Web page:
• The rise and rise of children’s comics as Adventure Time and My Little Pony take the world by storm. Children know what they like, and what they like is adventure and fun. And strangely enough, adults happen to like that too! Adventure Time is well on its way to being a cult success, while bronies no doubt keep the Pony sales high.
The rise and rise of literary graphic novels, shows the direction that the market is truly moving in. Superheroes may dominate the box office, but gems like Blue is the Warmest Color are what book readers are picking up. Image has obviously seen the way the winds are blowing as they continue to publish a range of intelligent, creative, and stylish books. But can DC and Marvel continue to compete in this new market?—Laura Sneddon
• It must be said that First Second had a great year; in addition to the winner Boxers and Saints, Relish and Battling Boy got support, and a wide range of their other books were mentioned. After six years, this imprint has really hit a sweet spot for letting talented cartoonists tell stories and getting them noticed. Of course, Drawn & Quarterly and Fantagraphics also continued their stellar work, and Top Shelf had a hit with March.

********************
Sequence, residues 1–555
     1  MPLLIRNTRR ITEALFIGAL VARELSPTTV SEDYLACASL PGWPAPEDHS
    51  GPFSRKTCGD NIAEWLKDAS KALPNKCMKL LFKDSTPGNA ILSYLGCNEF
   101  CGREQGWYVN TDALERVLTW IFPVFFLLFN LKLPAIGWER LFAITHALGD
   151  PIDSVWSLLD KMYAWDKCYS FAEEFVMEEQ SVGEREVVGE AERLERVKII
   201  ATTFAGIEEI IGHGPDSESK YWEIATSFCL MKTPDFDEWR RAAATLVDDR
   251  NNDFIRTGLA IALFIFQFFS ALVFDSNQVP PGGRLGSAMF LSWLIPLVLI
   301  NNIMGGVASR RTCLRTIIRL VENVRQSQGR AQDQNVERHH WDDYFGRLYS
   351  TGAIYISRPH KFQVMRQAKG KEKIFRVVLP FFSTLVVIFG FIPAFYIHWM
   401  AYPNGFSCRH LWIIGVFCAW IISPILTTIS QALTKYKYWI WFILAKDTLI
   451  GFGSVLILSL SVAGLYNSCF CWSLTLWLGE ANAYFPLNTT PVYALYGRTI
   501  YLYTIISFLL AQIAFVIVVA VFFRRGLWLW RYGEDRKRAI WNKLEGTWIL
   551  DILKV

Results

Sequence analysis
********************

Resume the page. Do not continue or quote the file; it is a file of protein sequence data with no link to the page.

A special mention for Gilbert Hernandez who hit a grand slam with Marble Season, Julio’s Day, Love and Rockets Vol. 5 and the late breaking Maria M.. He is a national treasure. —HM
Participating in this year’s poll: Lucas Adams, Chris Barsanti, Glen Downey, John Seven, John DiBello, Laura Sneddon, Matt White, Heidi MacDonald, Calvin Reid, Kate Fitzsimons, Steve Bunche and Johanna Draper Carlson.
The Property, Rutu Modan (Drawn & Quarterly)
One of the most accessible of graphic novelists, with a cinematic presentation and the ability to capture the complexity of larger human experience within smaller family dramas, all with good humor. —JS
The effects of the Holocaust still extend to survivors and their descendants in this tale of a woman traveling with her grandmother to reclaim Polish property lost during the War. However, it's Rutu Modan's use of humor and careful observation of human traits that provides a sense of hope for the characters and reader.—JDC
Marble Season, by Gilbert Hernandez (Drawn & Quarterly)
Hernandez perfectly captures the memory of childhood days in this beautifully rendered novel, bringing to life the days of carefree play and irrational but undeniable ritual. Hernandez’s artwork infuses seemingly simple and open panels with intense memory and meaning. A sublime and soulful portrait of childhood and a story that is so effectively told in comics form it’s hard to imagine it in any other medium. —JDB
Woman Rebel: the Margaret Sanger Story by Peter Bagge (D&Q)
Margaret Sanger's life story, told by Peter Bagge, is startling. Not only did she fight to make birth control and medical knowledge legal for all, she lived in outspoken and determined fashion to give women control of their lives through management of their own fertility.—JDC
Beautiful Darkness, Fabien Vehlmann and Kerascoët (Drawn and Quarterly)
Kitaro, Shigeru Mizuki (Drawn & Quarterly)
Rage of Poseidon, Anders Nilsen (Drawn & Quarterly)
Susceptible, Genevieve Castree (Drawn and Quarterly)
You're All Just Jealous of My Jet Pack, Tom Gauld (Drawn & Quarterly)